With the cardiovascular system being one of the most complex mechanisms in our body, and heart problems being the leading cause of death, claims about cardiovascular benefits shouldn’t be made lightly. This is particularly true when it comes to cannabinoids such as cannabidiol (CBD), which are still in very infant stages of their scientific and medicinal research. Nevertheless, there’s a reason to believe that CBD can positively, be it mildly, affect your heart rate, both directly and indirectly.
Stress is infamous for being the heart’s arch-nemesis. CBD, on the other hand, became famous especially as stress antidote, one that comes without any serious adverse effects. By the logic of “the enemy of my enemy is my friend,” CBD is a great ally in the fight against heart problems, even if it operates relatively indirectly.
Speaking of logic and combatants, there’s another side note worth mentioning: tetrahydrocannabinol (THC), the major psychotropic cannabinoid of cannabis, is known for increasing the heart rate potentially causing arrythmia in predisposed people.
CBD is THC’s counterpoint, softening its effects.
Transient receptor potential cation channel subfamily V, member 1 (TRPV1) is one of a group of channels whose physiological functions play an important role in the cardiovascular system and its diseases.
CBD works as a desensitizer of TRPV1 and, in doing so, it produces a mildly calming effect on the heart and reduces metabolic rates of heart muscles. 
Interestingly in a crossover, placebo-controlled, double-blind study on nine healthy volunteers, a single dose of 600 mg of CBD reduced blood pressure while increasing heart rate, especially during the first hour after administration. This was largely attributed to the high dosage. 
Perhaps more noteworthy is that CBD’s ability to restore balance may translate into a decreased heart rate variability. Spikes in the heart rate because of stressors can be detrimental, so this can have major implications.
For instance, a study on rats, exposed to acute restraint stress, found CBD to attenuate “acute autonomic responses to stress and its delayed emotional consequences by facilitating 5-HT1A receptor-mediated neurotransmission.” 
Of course, studies on rats don’t hold the same weight as those on humans. Research from the latter type on CBD’s influence on heart rate are scarce. Nevertheless, there is one study of 2021, concluding that “acute CBD ingestion may have a modest influence on autonomic regulation of heart.” 
Finally, it’s worth mentioning that CBD has displayed some ability to reduce blockages and plaques in the cardiovascular system, thus improving blood flow .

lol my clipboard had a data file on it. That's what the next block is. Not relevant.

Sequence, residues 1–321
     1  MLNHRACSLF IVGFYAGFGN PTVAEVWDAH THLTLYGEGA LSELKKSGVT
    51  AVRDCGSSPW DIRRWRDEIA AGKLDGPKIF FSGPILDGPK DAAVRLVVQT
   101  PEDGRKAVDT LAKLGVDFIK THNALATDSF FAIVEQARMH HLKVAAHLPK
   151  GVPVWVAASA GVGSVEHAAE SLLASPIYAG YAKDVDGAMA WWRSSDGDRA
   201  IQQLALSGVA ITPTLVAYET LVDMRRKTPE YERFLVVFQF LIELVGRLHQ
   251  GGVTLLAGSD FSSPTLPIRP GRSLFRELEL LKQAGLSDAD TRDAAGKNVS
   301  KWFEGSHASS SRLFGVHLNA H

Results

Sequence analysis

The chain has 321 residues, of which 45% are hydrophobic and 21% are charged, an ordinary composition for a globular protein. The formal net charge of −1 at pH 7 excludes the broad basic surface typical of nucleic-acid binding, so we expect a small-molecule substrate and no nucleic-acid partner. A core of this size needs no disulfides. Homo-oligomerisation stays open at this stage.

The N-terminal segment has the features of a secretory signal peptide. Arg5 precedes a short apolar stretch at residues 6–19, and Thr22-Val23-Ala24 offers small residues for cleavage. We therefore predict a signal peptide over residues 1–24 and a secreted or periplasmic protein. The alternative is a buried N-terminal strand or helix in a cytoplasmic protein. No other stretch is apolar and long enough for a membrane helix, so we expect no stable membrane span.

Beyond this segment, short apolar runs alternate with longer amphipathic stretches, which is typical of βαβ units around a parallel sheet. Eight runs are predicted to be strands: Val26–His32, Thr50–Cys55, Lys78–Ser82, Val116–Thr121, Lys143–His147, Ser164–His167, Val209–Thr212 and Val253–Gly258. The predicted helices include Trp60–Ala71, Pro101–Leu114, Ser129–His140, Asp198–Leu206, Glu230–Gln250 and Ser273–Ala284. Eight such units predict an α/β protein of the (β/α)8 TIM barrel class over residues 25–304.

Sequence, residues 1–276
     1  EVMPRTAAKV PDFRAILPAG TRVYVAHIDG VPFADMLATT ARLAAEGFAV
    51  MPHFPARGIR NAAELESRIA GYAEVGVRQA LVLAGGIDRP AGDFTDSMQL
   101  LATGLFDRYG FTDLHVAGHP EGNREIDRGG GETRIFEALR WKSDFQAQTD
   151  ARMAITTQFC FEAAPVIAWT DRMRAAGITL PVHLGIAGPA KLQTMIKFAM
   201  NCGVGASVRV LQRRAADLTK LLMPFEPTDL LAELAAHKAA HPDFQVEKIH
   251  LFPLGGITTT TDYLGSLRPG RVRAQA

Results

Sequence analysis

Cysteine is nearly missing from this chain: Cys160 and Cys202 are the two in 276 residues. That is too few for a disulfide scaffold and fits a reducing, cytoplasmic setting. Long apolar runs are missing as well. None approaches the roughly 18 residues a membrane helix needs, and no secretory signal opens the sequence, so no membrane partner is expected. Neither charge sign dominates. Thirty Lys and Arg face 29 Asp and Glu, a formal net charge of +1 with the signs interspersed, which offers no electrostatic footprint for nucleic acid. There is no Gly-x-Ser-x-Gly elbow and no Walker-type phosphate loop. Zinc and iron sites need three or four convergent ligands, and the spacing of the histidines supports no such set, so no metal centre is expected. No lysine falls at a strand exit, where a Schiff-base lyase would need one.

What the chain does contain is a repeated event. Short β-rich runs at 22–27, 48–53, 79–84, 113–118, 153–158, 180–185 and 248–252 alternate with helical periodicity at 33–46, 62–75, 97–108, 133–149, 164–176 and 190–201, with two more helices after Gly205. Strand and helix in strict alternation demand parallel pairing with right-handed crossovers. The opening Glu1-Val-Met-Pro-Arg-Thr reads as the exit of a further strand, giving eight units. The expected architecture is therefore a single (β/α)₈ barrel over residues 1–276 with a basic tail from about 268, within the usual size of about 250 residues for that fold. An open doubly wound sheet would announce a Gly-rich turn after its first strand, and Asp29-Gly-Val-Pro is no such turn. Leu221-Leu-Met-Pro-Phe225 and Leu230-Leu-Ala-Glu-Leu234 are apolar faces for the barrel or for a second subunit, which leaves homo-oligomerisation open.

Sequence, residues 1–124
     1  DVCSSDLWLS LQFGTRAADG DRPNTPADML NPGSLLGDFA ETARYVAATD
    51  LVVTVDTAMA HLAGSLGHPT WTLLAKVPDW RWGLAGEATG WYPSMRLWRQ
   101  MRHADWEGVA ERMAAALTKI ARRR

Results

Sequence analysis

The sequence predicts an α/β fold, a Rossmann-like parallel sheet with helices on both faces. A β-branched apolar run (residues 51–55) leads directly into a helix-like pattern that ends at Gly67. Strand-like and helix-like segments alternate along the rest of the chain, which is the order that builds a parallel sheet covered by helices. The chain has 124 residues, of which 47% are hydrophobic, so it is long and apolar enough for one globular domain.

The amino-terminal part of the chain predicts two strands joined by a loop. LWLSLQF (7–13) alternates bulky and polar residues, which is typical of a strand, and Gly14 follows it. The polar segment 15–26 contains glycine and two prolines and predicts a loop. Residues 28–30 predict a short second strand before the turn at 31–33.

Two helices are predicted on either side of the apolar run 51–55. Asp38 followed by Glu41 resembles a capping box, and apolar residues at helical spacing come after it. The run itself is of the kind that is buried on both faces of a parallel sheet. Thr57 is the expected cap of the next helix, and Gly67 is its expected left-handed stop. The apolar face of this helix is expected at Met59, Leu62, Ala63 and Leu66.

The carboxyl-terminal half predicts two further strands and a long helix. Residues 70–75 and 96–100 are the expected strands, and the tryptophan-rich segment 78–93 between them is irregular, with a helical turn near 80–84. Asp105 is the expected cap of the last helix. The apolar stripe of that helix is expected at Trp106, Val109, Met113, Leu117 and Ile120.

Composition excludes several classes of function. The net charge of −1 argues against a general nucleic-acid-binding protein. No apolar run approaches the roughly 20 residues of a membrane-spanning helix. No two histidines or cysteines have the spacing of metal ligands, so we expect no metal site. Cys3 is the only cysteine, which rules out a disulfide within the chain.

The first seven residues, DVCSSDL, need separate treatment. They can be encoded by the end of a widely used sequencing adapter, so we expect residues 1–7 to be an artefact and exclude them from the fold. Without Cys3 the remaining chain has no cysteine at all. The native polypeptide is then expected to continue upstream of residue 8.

The Bottom Line
There are some grounds to believe that CBD can benefit the heart rate and the cardiovascular system as a whole, especially considering its negligeable risks of side effects. CBD can be a valuable adjunct therapy that, coordinated with a doctor, can be a potential preventative measure promoting health and the overall wellbeing.
 Alfulaij et al, Cannabinoids, the Heart of the Matter, Journal of the American Heart Association, Vol. 7, No. 14; https://doi.org/10.1161/JAHA.118.009099 [Journal Impact Factor = 5.501] [ Times cited = 33]
 Jadoon et al, A single dose of cannabidiol reduces blood pressure in healthy volunteers in a randomized crossover study, JCI Insight. 2017 Jun 15; 2(12); doi: 10.1172/jci.insight.93760 [Journal Impact Factor = 8.315] [Times Cited = 97]
 Resstel et al, 5-HT1A receptors are involved in the cannabidiol-induced attenuation of behavioural and cardiovascular responses to acute restraint stress in rats, 24 December 2008, British Journal of Pharmacology, Volume 156, Issue 1; doi: 10.1111/j.1476-5381.2008.00046.x [Journal Impact Factor = 8.739] [Times Cited = 270]
 Williams et al, Comparison of Five Oral Cannabidiol Preparations in Adult Humans: Pharmacokinetics, Body Composition, and Heart Rate Variability, Pharmaceuticals 2021, 14(1),35, 6; doi: 10.3390/ph14010035 [Journal Impact Factor = 5.677] [Times Cited = 8]
 Gonca and Darici, The Effect of Cannabidiol on Ischemia/Reperfusion-Induced Ventricular Arrhythmias: The Role of Adenosine A1 Receptors, Journal of Cardiovascular Pharmacology and Therapeutics; doi: 10.1177/1074248414532013 [Journal Impact Factor = 2.457] [Times Cited = 63]
Petar is a freelance writer and copywriter, covering culture, art, society, and anything in-between that makes for a nice story. And as it so happens, cannabis is a great element to add to each of those conversations.